Not Everyone Loves a Narcissist

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In some cultures, nice guys and gals may finish first
Source: vjapratama / Pexels

When society teaches us that confidence is the holy grail of success, there is only one clear winner – the narcissist. In Western society, narcissists enjoy success across various domains of life. They are more likely to win over strangers and to score a date. They even do better in job interviews to the extent that researchers recommend for job candidates to “emulate narcissists”.

We may, then, feel defenseless against the lure of a narcissist. We may feel like they always win. But is this the case?

I didn’t think so.  I was raised by Asian immigrant parents. Many of the values they instilled in me have clashed, throughout my life, with American values. Instead of being taught to be confident and self-assured, I, like many other Asian Americans, was told to be humble and self-critical, qualities that sadly don’t bode well in Western society. I was also taught, however, to value traits like caring and kindness over boldness and charm. When I was a teenager, my mother advised me to, “Never trust a man who knows how to talk.”

As I filtered through the literature on narcissists’  attractiveness, I noticed that as with most psychological literature, nearly all of the studies had been conducted using predominantly European or European American samples.  I wanted to know whether Asian Americans, who often prioritize interdependent qualities, would also succumb to the allure of narcissists. To answer this question, my research team and I conducted a speed-dating study, testing whether personality traits, including narcissism and communal attributes (kindness, tolerance, and trustworthiness), predicted speed-dating success. We held 15 speed-dating sessions in which 262 single Asian Americans went on 3-minute speed-dates with the other gender. We predicted that even in these quick dates, participants would be attracted to niceness (i.e., communal attributes) and other traits that emphasize care for others, rather than narcissism.  

We found just this. Communal attributes predicted greater speed-dating success. While narcissism didn’t turn out to be a turn-off, it wasn’t a turn-on either. These findings were consistent across gender. Thus, while studies using a predominantly European/European American sample have found that nice guys finish last, we found instead that among Asian Americans, nice guys and gals finish first.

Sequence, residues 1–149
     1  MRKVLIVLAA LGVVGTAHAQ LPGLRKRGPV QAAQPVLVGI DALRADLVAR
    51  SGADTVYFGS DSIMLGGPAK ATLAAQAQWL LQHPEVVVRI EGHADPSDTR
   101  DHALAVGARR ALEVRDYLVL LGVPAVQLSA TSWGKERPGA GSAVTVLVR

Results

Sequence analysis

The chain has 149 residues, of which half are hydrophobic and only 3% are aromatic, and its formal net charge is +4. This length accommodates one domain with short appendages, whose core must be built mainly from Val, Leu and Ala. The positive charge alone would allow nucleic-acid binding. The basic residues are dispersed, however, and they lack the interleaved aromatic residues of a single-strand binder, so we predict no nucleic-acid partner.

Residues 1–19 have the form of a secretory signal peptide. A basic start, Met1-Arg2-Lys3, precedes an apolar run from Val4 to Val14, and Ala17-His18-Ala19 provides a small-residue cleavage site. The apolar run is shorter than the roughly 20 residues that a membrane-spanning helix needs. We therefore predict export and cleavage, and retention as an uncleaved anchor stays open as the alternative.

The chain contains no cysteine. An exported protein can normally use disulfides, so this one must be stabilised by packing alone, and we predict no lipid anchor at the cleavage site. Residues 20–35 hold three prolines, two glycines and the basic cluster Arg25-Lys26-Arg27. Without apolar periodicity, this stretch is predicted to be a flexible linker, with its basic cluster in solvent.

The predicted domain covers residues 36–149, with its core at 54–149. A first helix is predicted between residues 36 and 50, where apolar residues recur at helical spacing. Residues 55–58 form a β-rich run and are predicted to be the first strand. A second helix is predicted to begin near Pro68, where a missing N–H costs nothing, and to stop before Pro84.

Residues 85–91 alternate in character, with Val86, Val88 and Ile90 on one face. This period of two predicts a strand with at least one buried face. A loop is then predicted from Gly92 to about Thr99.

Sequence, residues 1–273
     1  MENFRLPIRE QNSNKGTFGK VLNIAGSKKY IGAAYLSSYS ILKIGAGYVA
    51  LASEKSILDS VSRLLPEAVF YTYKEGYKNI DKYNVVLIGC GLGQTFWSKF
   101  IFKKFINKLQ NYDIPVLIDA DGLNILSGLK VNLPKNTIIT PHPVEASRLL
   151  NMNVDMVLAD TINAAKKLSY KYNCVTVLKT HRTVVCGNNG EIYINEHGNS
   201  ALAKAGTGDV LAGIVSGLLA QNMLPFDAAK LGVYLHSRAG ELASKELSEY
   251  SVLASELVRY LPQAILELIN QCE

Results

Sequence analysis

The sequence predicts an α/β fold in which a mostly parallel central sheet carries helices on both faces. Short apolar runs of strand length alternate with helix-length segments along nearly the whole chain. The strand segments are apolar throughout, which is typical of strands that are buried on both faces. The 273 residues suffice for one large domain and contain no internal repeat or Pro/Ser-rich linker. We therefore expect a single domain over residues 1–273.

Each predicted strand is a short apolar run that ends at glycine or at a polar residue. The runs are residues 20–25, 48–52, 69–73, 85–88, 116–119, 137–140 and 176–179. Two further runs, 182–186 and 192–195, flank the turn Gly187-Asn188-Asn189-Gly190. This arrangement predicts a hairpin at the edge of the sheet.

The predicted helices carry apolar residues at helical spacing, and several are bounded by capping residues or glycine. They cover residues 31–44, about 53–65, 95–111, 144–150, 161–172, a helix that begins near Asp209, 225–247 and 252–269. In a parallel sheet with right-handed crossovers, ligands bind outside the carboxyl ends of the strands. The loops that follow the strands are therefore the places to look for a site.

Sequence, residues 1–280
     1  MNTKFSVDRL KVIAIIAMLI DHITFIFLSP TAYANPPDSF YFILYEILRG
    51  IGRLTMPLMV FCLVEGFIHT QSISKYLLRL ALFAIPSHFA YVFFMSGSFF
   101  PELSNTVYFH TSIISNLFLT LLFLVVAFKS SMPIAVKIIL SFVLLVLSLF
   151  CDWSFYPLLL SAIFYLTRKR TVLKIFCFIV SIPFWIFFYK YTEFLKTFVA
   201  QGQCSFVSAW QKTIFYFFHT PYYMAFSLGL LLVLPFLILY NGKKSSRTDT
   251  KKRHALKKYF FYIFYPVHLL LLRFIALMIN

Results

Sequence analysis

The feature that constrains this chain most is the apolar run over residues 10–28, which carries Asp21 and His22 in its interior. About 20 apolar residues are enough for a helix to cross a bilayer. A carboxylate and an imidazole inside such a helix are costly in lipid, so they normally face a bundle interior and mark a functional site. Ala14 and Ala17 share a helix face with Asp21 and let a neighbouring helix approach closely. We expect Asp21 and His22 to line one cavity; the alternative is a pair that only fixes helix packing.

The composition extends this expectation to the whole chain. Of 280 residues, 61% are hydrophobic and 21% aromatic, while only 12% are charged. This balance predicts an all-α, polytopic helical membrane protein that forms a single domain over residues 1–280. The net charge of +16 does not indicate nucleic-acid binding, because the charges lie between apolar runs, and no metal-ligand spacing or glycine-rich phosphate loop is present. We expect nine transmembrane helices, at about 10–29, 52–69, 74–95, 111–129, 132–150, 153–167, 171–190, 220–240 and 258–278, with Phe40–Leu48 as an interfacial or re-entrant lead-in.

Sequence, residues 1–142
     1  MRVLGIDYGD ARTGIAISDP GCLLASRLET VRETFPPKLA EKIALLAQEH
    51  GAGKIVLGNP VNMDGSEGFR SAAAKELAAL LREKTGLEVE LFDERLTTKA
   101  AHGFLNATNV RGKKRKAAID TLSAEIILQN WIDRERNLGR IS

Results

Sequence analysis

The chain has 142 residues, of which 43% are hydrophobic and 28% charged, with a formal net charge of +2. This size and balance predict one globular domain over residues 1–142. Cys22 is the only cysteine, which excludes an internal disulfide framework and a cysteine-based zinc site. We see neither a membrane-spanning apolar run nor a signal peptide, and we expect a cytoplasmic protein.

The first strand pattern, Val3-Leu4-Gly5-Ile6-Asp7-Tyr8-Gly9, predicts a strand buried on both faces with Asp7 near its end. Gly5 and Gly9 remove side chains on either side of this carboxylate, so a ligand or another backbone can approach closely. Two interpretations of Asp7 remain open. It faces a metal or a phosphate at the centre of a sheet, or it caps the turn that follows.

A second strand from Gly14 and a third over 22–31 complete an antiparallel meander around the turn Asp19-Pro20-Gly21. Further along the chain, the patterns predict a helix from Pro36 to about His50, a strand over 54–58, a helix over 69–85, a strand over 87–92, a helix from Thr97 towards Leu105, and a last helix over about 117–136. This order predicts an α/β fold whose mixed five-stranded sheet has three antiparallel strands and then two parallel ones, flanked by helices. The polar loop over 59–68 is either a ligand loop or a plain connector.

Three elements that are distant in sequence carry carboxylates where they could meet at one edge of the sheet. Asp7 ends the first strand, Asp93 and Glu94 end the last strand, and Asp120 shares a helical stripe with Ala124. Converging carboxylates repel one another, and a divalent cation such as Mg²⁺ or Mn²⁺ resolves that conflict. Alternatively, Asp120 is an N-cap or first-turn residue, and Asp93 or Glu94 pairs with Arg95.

We don’t have the full story yet about why Asian Americans were not drawn to narcissists. I would love to know exactly what narcissists did or said to lose their charm. I would also love to pinpoint the specific values that conferred “resistance” against narcissists.  However, this study tells us something very important — narcissists don’t have to win. Therefore, we may not always have to “emulate narcissists” to be liked or to get the job. To move towards this goal for everyone, perhaps we can try to cultivate and recognize kindness over unwarranted confidence.

Relationships
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Does the lure of a narcissist depend on our values?
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The Modern Heart
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We may feel defenseless against the lure of a narcissist. We may feel like they always win. But is this the case?
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In some cultures, nice guys and gals may finish first
In some cultures, nice guys and gals may finish first
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Reference: 

Akimoto, S. A., & Sanbonmatsu, D. M. (1999). Differences in Self-Effacing Behavior between European and Japanese Americans: Effect on Competence Evaluations. Journal of Cross-Cultural Psychology, 30(2), 159–177. https://ift.tt/2CDnRQk

Back, M. D., Schmukle, S. C., & Egloff, B. (2010). Why are narcissists so charming at first sight? Decoding the narcissism–popularity link at zero acquaintance. Journal of Personality and Social Psychology, 98(1), 132.

Dufner, M., Rauthmann, J. F., Czarna, A. Z., & Denissen, J. J. A. (2013). Are Narcissists Sexy? Zeroing in on the Effect of Narcissism on Short-Term Mate Appeal. Personality and Social Psychology Bulletin, 39(7), 870–882. https://ift.tt/2UYFP6O

Henrich, J., Heine, S. J., & Norenzayan, A. (2010). Most people are not WEIRD. Nature, 466(7302), 29–29. https://ift.tt/2CD42bO

Kim, B. S., Atkinson, D. R., & Yang, P. H. (1999). The Asian Values Scale: Development, factor analysis, validation, and reliability. Journal of Counseling Psychology, 46(3), 342–352. https://ift.tt/2UXp7ov

Oyserman, D., & Sakamoto, I. (1997). Being Asian American: Identity, cultural constructs, and stereotype perception. The Journal of Applied Behavioral Science, 33(4), 435–453.

Paulhus, D. L., Westlake, B. G., Calvez, S. S., & Harms, P. D. (2013). Self-presentation style in job interviews: the role of personality and culture. Journal of Applied Social Psychology, 43(10), 2042–2059. https://ift.tt/2CBvS8g

Tanchotsrinon, P., Maneesri, K., & Campbell, W. K. (2007). Narcissism and romantic attraction: Evidence from a collectivistic culture. Journal of Research in Personality, 41(3), 723–730.

Urbaniak, G. C., & Kilmann, P. R. (2006). Niceness and Dating Success: A Further Test of the Nice Guy Stereotype. Sex Roles, 55(3–4), 209–224. https://ift.tt/2UVc86E

Wu, K., Chen, C., & Greenberger, E. (2018). Nice guys and gals can finish first: Personality and speed-dating success among Asian Americans. Journal of Social and Personal Relationships, 0265407518790103.

https://ift.tt/2CClJIE

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